How do you make sense of New York?
There’s lots of intelligence, talent, and ambition here. There’s also a lot of insanity. When Barack Obama won his first presidential election people in my neighborhood partied in the streets all night. The world had evidently been made new. When Donald Trump won there were public meetings in churches in which well-intentioned, high-functioning people shared their fears—this is not an exaggeration—that vans would soon start arriving and carting people off to camps.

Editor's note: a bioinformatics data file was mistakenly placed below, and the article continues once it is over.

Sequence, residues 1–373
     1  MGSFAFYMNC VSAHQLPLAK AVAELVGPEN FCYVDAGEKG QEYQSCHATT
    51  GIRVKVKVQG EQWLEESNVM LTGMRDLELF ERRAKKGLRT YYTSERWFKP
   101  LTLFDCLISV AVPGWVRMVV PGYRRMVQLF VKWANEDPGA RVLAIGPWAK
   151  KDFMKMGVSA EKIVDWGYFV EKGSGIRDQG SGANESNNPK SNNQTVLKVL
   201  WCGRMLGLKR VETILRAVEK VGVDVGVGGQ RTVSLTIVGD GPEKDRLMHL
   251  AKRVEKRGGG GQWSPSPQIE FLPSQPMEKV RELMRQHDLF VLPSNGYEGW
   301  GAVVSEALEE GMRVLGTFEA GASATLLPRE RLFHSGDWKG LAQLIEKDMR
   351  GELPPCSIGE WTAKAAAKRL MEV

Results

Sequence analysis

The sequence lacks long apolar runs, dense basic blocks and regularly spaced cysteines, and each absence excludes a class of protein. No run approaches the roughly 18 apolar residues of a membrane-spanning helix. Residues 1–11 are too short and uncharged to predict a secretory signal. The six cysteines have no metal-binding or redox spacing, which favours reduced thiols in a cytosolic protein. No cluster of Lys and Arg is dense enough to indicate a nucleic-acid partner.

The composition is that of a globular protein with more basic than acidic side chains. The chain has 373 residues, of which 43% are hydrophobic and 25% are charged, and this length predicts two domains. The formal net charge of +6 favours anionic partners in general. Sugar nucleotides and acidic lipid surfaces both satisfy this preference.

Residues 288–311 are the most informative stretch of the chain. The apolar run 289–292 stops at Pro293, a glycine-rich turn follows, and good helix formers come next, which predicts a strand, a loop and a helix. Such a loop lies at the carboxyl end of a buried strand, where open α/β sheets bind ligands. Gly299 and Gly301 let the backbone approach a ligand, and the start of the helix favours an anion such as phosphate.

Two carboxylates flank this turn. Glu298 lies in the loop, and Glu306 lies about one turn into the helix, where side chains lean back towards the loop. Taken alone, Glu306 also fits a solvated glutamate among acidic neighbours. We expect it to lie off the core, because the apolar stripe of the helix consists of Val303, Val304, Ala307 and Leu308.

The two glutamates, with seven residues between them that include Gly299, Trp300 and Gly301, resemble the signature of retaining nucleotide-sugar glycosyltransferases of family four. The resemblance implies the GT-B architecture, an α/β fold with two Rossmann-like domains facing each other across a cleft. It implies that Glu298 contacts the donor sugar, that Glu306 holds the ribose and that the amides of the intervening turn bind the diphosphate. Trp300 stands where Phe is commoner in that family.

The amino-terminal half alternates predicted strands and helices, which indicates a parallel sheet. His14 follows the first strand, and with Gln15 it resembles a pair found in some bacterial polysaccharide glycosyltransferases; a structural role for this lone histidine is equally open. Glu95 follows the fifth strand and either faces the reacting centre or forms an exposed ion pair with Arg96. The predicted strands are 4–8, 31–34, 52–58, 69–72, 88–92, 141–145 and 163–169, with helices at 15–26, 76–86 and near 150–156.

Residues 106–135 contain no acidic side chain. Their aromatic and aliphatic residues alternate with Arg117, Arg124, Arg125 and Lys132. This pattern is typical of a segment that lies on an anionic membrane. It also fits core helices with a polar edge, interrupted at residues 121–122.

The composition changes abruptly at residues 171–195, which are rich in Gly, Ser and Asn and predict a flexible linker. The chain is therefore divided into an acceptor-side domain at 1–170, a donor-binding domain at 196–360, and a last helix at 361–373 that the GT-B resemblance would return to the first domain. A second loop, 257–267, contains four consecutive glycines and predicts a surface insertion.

What’s going on? And why does the rest of the country have to be subjected to the fantasies of people in places like this? Many New Yorkers are kind, honest, wise, perceptive, public-spirited, amusing, and what not else. But without civilized order that comes out of spiritual order none of that goes anywhere. It dissipates and vanishes. What’s left is a mass of people trying to make their way in a world without civilization and without any idea of what civilization might be. What passes for public life becomes a mass of impulses, desires, hatreds, excuses, maneuvers, frauds, power-grabs, misdirections, and delusions that oscillate between conflict and temporary equilibrium. The latter usually involves payoffs—it helps that New York is a financial center—and unifying illusions, such as the fantasy that, because Trump is Hitler, New Yorkers have to stick together.